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Seasons 1915-19 Part 4
1918/19 Peace at last

The unfortunate Bob Hewison was missing at the start of the season after breaking his leg in MayPart 1 1915/16 - Part 2 1916/17 - Part 3 1917/18 - Results and tables

For 1918/19, Leeds City welcomed back most of the players who had served them the previous season. One unfortunate exception was Bob Hewison, still recovering from breaking his leg in May.

A newcomer to their ranks was the Aberdeen half-back, Bert McLachlan, who had also served Everton and Aston Villa. The Scot was at right-half on the opening day, 7 September at home to Notts County, in a team which read: Willis Walker; Harry Millership, Billy Hampson; McLachlan, Harry Sherwin, Tommy Lamph; E Hampson, Billy Hibbert, Jack Peart, Jack Hampson, Tom Cawley.

City won with ease. After ten minutes, Hibbert and E Hampson combined to create an opening for Peart, who drove home. Cawley doubled the lead from a corner and then added a third in the second half, with Hibbert making it 4-0. Short pulled a goal back for County in the closing stages.

After the match, the City directors presented a silver tea service to goalkeeper Willis Walker, whose marriage had taken place a few days earlier. He missed the Meadow Lane return against County on 14 September, having to return to Naval duties in the South, and locally-born Walter Cook deputised. Inside-left Arthur Price also returned to the side in place of McLachlan, with Jack Hampson dropping back to midfield.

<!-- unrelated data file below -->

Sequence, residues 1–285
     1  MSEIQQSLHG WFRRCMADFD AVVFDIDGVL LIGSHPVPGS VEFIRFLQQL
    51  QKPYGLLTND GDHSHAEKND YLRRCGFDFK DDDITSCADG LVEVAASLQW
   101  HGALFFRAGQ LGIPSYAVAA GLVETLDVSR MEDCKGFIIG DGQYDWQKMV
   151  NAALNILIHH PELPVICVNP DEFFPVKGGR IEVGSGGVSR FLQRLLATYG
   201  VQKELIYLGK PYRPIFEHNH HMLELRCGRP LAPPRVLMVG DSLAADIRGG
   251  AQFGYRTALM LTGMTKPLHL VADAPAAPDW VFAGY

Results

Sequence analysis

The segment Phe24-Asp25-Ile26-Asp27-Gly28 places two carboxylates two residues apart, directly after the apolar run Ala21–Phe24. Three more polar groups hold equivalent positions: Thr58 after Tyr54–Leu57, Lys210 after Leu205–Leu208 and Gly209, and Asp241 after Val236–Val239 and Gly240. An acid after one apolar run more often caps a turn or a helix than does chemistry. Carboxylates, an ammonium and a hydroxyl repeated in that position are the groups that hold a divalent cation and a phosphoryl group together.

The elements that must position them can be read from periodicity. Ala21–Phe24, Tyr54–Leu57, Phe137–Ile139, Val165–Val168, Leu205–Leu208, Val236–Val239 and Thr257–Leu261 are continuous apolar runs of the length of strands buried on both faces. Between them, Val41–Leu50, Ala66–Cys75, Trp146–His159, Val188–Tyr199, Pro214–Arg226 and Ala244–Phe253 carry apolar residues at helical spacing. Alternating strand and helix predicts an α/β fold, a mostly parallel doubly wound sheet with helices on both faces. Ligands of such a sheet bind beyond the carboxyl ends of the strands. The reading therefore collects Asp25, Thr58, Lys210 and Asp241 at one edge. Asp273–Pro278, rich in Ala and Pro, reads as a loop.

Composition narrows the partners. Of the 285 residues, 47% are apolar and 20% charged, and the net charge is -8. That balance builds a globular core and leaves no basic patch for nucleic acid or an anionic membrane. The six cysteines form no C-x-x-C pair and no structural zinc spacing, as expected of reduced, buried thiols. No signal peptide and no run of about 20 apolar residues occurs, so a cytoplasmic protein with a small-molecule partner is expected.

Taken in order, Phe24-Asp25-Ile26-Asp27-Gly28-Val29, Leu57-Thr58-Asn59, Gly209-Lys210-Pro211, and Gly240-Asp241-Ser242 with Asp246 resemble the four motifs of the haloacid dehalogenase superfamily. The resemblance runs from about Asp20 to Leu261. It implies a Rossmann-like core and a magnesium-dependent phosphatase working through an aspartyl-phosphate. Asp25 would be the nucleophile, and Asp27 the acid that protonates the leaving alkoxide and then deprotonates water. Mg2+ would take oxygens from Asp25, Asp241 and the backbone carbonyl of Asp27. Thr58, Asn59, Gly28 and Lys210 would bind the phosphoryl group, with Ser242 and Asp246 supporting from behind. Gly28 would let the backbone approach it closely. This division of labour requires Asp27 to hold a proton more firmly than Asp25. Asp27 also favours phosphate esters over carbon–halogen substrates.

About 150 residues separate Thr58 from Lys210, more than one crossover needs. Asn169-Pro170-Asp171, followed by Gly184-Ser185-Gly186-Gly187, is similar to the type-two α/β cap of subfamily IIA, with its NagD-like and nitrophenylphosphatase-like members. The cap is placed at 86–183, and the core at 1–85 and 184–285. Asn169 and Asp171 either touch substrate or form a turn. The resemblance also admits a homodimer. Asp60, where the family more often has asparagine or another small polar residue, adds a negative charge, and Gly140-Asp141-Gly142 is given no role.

City, dominant at Elland Road, had a rude awakening in the return, Short scoring within four minutes for County. Richards and then Cantrell made it 3-0 just before the half hour, the latter adding a fourth three minutes after the interval. City exerted some second half pressure and Lamph scored from a penalty, but then County added a fifth, also from the spot. Notts missed another spot kick before Price made it 5-2 in the closing minutes.

City were back on form against Birmingham at Elland Road on 21 September, winning 3-1. The Leeds Mercury reported: 'They demonstrated a superiority in attack which Birmingham could never quite counter, and the success of their methods was primarily due to the admirable leadership of international Hibbert, who, taking Peart's customary position in the centre, exercised his skill to the marked advantage of his co-operators in attack. He was materially assisted by a trio of halves, who used excellent judgement in placing their forwards in possession.

'The progressive methods of the City attack were, indeed, both clever and productive, and Hibbert played a most prominent part. He scored a fine goal before the interval, and his shoot hard and often policy almost brought him goals on three other occasions, Cooper having the utmost difficulty in warding off his shots.

'With a lead of one goal, Leeds City played like a team confident of victory in the second half. Cawley scored a goal following a combined movement and after Buchan had scored a somewhat lucky goal for Birmingham from a pass by Smith. Leeds City made a vigorous attack in the last minute, and forced a corner, from which E Hampson registered the third goal.'